06 Jul 2018
If we liken TypeParis to jumping into a cold pool, Week #1 is the initial splash, shocking and exciting. Week #2 you’re becoming accustomed to the temperature, stretching out and paddling around. Week #3 you really begin swimming laps.
At the end of Week #2, for homework over the weekend, the class were told to complete on tracing paper n p o f c t a r y g lowercase glyphs, and E G R in uppercase, focusing on one weight only, for their main projects. These glyphs carry most of the ‘DNA’ of a typeface, so having these well-established is key when going from paper to Béziers—which was happening this week! This list is a lot of work, but it is necessary in order to remain on-track throughout the program.
…these glyphs carry most of the ‘DNA’ of a typeface, so having these well-established is key when going from paper to Béziers.
Everyone filed in Monday and filled the table with their progress so far—we are starting to run out of table space! Jean François conducted a thorough inspection, and the class ended up with valuable red ink scribbles covering their papers over the next hour. These sessions are useful not only for getting critique on your work, but paying attention to the critique given to others.
That afternoon Marc and Dave did the rounds, working closely with each student, helping some to finalise some last minute concepts before digitising, and others to remain true to their sources and calligraphy as they progressed further digitally. At this stage, some students had already been working in a font editor—even since the previous week. This was the week where everyone in the class should be finalising their letterforms on paper, to be digitised on Monday, Tuesday at the latest.
In preparation for this, on Monday afternoon Dave conducted two short but info-packed sessions on using Glyphs. We talked about vertical metrics, overshoot, using the background layer, curve tension, point placement, point types (curve, tangent etc), bringing in shapes from other glyphs to refer to (in the background), and more. It was a good chance to regroup on important digitising basics discussed earlier in the program, as well as discuss some deeper concepts.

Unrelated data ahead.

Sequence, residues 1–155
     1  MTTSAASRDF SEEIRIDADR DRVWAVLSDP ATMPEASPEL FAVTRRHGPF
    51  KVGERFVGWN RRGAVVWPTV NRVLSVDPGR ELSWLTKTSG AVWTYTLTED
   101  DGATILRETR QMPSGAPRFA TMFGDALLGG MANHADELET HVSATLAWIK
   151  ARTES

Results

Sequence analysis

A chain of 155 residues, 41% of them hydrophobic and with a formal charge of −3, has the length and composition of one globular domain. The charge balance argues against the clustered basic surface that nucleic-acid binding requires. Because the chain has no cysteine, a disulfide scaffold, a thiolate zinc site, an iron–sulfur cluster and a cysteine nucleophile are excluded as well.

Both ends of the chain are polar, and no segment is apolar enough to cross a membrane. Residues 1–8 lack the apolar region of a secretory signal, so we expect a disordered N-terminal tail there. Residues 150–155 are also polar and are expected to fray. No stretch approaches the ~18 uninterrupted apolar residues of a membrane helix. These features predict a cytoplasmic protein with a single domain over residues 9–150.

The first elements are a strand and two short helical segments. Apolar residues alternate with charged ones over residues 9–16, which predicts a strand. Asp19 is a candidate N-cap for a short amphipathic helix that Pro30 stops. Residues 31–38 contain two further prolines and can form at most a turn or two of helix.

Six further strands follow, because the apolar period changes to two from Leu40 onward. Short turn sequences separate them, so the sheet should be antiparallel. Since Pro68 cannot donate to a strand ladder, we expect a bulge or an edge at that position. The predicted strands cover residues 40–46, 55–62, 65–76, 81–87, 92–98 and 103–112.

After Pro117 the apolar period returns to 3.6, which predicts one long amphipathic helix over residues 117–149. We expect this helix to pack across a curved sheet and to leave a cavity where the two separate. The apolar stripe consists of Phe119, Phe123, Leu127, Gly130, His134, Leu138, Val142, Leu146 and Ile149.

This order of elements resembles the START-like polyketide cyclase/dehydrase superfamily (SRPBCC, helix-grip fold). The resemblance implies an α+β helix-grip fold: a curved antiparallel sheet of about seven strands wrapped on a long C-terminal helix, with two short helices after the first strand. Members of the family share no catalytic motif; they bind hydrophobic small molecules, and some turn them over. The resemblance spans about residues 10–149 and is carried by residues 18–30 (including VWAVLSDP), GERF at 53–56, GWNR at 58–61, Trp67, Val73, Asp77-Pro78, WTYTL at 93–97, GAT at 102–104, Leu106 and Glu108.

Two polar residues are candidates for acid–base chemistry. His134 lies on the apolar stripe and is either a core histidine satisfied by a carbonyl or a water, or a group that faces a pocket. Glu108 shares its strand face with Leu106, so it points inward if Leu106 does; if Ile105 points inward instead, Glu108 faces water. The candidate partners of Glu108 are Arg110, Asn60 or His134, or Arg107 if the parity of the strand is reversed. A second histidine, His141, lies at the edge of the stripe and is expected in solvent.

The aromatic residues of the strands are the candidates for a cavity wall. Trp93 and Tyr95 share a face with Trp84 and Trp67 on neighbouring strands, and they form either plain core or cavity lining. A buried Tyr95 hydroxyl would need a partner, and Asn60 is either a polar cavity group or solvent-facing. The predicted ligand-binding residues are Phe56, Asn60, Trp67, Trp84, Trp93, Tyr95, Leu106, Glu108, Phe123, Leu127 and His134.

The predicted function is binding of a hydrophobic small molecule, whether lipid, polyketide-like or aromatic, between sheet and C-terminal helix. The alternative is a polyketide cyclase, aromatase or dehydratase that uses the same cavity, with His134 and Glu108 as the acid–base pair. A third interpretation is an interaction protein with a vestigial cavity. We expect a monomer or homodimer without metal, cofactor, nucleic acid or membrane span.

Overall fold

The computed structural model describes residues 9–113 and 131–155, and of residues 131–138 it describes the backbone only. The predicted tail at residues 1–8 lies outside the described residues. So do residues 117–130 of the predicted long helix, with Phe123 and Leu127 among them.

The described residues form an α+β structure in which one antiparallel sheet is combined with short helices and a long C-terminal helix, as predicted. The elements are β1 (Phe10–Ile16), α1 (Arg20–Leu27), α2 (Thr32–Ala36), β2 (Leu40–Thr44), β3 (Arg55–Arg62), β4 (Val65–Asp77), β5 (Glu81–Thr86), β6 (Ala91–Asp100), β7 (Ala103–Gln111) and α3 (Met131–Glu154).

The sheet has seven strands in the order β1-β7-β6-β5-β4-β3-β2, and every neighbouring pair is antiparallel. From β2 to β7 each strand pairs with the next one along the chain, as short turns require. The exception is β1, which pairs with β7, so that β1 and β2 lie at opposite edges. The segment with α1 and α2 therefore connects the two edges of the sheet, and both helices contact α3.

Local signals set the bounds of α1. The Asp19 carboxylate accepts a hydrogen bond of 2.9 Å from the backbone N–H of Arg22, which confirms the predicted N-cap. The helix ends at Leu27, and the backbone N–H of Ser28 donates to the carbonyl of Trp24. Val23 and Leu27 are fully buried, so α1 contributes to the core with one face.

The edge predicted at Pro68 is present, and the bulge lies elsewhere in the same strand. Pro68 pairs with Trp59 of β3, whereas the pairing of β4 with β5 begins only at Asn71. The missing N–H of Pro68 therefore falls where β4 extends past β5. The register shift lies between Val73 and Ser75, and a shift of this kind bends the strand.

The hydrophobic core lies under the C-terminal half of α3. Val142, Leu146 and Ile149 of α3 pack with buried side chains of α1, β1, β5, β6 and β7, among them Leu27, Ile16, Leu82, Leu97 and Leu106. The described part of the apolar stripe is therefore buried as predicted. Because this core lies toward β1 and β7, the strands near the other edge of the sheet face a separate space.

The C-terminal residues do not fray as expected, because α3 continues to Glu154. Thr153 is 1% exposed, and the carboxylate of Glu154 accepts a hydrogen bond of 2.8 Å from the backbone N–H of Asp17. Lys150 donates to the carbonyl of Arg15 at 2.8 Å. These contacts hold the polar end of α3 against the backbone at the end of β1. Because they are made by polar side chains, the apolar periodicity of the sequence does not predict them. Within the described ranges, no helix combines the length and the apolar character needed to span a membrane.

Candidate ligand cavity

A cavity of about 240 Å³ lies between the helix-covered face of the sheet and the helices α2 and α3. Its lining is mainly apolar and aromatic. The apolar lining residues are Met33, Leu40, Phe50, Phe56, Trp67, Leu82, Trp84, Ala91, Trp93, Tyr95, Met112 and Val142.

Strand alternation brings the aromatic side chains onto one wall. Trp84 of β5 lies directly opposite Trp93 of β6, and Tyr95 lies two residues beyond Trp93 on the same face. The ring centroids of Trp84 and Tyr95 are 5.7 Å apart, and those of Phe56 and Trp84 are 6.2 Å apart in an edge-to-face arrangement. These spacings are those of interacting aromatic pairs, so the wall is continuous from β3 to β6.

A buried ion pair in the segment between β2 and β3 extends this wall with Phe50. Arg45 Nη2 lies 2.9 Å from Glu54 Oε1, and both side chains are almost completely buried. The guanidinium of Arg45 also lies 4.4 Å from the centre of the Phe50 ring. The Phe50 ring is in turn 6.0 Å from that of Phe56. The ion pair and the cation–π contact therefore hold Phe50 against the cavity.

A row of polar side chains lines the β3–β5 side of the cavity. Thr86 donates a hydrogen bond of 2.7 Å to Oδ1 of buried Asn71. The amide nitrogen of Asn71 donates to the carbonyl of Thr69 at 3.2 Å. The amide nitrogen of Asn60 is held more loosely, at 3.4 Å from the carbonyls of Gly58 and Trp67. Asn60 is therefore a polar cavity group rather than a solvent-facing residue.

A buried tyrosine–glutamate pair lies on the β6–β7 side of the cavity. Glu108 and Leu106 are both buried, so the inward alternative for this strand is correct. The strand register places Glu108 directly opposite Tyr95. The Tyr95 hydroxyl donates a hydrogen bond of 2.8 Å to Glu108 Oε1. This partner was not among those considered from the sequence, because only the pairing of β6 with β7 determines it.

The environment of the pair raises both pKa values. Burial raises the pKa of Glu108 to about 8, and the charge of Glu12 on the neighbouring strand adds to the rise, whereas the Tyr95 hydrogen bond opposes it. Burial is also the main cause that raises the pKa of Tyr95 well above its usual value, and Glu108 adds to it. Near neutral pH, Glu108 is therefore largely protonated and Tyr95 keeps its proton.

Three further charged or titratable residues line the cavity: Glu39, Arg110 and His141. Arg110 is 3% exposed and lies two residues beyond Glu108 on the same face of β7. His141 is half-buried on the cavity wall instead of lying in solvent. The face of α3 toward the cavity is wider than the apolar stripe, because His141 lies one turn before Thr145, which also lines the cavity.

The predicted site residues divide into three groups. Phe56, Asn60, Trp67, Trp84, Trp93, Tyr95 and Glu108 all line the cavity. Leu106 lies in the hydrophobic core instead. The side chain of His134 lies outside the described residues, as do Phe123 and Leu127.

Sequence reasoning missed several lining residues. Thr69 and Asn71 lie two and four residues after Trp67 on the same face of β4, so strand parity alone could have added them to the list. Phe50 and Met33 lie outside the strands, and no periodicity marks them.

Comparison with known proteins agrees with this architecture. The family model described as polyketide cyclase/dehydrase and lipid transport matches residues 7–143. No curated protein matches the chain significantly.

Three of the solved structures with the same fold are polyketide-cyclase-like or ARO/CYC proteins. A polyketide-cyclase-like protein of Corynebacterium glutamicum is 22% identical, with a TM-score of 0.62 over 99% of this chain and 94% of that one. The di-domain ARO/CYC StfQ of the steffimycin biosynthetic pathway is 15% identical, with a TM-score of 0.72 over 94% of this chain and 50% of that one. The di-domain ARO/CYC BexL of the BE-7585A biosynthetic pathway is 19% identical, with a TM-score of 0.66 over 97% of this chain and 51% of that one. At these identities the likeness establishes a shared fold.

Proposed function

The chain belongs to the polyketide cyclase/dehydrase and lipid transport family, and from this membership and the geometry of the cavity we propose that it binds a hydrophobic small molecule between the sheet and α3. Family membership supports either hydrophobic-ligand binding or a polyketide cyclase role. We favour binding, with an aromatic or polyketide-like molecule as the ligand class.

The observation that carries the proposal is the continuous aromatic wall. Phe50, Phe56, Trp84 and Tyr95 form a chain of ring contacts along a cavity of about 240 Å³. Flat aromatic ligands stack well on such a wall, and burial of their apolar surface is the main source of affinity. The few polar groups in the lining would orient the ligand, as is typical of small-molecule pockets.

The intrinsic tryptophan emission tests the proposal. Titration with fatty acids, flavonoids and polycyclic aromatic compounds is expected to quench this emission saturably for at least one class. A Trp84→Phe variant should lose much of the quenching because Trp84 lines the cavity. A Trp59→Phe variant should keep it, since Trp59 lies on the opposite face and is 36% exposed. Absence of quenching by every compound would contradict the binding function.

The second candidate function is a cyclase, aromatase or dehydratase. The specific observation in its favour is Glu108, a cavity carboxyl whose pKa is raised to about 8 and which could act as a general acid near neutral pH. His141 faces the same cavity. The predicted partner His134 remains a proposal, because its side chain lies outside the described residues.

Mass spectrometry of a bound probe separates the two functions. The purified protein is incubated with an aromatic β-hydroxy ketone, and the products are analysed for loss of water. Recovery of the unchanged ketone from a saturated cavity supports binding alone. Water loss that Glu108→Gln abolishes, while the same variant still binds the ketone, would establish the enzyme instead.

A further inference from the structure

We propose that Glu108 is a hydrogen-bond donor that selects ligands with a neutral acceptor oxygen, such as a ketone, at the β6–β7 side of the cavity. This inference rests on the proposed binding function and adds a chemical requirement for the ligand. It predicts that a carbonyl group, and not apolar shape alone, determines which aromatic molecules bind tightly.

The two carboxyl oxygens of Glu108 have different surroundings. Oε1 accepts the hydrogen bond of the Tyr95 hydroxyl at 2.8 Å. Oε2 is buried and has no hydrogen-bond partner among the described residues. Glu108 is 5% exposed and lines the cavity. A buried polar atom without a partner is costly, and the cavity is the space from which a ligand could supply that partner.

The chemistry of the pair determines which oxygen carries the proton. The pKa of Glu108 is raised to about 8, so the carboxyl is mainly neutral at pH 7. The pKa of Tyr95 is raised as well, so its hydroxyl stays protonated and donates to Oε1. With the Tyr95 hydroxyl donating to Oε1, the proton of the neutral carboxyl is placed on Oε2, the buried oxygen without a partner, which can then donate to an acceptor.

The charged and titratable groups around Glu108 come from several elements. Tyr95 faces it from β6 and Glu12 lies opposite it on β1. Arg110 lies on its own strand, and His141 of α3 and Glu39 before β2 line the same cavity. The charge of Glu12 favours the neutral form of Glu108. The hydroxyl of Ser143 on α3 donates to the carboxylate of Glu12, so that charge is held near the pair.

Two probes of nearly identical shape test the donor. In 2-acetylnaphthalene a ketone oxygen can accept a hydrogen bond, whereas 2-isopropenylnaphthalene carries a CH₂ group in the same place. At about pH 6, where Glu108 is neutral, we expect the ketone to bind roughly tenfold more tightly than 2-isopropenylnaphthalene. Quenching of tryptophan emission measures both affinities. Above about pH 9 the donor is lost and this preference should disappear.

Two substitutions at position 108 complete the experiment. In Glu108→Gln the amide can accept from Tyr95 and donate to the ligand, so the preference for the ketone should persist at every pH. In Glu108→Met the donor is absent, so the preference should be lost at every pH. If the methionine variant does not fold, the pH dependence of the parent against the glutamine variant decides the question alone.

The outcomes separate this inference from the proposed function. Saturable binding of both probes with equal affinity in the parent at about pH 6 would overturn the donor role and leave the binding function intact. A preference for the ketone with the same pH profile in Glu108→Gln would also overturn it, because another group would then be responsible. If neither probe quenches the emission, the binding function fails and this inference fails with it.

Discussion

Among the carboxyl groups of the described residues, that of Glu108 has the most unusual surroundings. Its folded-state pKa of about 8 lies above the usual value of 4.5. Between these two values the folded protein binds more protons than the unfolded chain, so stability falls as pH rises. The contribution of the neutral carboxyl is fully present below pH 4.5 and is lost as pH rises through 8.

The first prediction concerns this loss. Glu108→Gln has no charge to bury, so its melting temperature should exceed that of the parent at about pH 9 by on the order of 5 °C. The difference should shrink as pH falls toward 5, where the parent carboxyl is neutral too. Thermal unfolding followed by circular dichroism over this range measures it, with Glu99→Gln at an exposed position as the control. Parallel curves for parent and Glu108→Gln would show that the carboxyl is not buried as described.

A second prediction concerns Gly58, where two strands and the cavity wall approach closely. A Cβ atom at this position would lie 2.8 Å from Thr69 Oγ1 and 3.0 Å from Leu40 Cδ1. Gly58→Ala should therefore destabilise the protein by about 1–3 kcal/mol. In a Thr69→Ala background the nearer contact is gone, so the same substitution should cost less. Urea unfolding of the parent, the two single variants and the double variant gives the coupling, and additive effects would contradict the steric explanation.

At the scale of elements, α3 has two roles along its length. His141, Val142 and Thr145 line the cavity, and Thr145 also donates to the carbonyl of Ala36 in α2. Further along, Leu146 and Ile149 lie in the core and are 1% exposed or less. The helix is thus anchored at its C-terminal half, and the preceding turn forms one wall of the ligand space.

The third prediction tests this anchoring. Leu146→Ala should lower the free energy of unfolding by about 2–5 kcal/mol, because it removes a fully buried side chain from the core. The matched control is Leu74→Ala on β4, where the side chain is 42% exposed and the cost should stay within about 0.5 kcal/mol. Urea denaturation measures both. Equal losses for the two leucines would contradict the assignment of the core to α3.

This was the week where everyone in the class should be finalising their letterforms on paper, to be digitised on Monday, Tuesday at the latest.
By Tuesday, the students were off and running, becoming more familiar with the digital process every hour. It was a joy to see them embrace the software, and adopt the concepts into their own unique workflow and style. Many exceeded this. It was a long day, as everyone was keen to produce as much work as possible to put before tomorrow’s guest… Nikola Djurek.
The class was primed for the usual jam-packed pace of Wednesdays at TypeParis. We got right to work in the morning: the goal set for the students was to complete all lowercase and uppercase glyphs by the end of Thursday. We welcomed a returning instructor: Xavier Dupré. He ran a session on lowercase numerals, and the attendees returned to calligraphy, using broad nib bamboo pens, to practice these new forms.
…going by the nodding heads and focused looks on faces—it was obvious that Nikola’s feedback was clear and useful.